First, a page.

From my class blog at Sex in American Cinema
When Glenn realizes Billie has been using him, he takes his revenge by pretending to believe she is as "modern" as she says, and then rejecting her. The scene exemplifies the great paradox of sexual innocence and seduction in Hollywood cinema: A woman is insulted if a man attempts to seduce her, and just as insulted if he doesn't want to.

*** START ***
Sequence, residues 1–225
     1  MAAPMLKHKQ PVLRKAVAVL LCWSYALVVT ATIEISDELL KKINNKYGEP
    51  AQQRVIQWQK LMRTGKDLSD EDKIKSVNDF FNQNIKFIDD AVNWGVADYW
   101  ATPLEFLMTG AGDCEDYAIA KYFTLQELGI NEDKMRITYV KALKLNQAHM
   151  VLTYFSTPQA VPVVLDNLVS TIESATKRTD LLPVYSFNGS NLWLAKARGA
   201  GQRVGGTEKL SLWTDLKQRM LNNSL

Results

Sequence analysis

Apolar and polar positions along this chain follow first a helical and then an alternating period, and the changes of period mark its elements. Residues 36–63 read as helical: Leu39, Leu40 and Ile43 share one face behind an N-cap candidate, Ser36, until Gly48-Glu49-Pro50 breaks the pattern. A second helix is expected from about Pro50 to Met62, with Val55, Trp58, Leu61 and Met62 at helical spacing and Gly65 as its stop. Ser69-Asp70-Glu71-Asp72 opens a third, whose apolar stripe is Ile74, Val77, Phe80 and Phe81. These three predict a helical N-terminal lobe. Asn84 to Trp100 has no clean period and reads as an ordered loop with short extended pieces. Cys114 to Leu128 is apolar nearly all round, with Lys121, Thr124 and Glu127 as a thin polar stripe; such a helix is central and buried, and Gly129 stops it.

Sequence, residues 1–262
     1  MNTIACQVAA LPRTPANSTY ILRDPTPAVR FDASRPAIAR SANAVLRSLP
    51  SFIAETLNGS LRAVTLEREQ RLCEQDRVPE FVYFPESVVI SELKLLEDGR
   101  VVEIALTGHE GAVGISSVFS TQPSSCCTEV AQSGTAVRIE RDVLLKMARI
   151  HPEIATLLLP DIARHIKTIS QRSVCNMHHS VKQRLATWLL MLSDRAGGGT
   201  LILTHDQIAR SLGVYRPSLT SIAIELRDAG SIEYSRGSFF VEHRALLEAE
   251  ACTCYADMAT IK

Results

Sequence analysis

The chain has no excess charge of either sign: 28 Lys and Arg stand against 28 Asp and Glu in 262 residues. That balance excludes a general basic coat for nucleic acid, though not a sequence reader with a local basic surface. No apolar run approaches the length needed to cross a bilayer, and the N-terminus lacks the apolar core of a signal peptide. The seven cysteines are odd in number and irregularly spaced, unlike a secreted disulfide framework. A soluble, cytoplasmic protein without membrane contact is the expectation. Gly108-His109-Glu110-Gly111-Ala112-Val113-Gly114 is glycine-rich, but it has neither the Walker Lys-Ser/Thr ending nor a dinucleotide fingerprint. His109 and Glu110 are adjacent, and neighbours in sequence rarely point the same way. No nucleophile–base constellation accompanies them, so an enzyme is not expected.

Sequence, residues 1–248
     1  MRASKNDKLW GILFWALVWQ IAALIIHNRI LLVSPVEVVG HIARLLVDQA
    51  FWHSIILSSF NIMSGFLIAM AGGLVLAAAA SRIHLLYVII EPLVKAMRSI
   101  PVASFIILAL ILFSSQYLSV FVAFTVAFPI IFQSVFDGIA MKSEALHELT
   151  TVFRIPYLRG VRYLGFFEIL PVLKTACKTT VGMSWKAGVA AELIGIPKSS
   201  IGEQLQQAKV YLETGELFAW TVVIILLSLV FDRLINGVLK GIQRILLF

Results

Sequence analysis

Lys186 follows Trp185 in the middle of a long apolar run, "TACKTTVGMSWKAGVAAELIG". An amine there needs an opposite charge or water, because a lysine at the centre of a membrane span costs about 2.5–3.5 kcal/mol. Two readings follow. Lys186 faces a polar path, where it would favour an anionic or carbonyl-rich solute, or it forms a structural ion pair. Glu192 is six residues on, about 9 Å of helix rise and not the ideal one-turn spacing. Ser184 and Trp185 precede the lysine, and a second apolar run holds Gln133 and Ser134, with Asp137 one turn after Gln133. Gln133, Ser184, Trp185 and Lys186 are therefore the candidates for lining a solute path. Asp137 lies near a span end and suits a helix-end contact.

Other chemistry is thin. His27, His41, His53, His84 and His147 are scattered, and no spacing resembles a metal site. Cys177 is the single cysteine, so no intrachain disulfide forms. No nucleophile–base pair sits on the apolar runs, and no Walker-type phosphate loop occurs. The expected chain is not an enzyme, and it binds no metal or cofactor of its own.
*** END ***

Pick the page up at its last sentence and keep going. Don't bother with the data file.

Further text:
Heiress Billie Brown, (Crawford), is engaged to marry her long-time sweetheart, budding diplomat, Gil Jordan, (Fairbanks). When Billie goes to see senior diplomat, Glenn Abbott, (La Rocque), about ensuring that Gil get a favorable assignment, Billie and Glenn are undeniably attracted to one another. Gil is likewise attracted to Kentucky Strafford, (Page), Billie's houseguest, who becomes pregnant by Gil. Gil finds that he loves Kentucky, but marries Billie instead. Once Gil finds that Billie really loves Glenn and Billie finds that Gil loves Kentucky, their marriage is annulled and both are paired up with the people they truly love.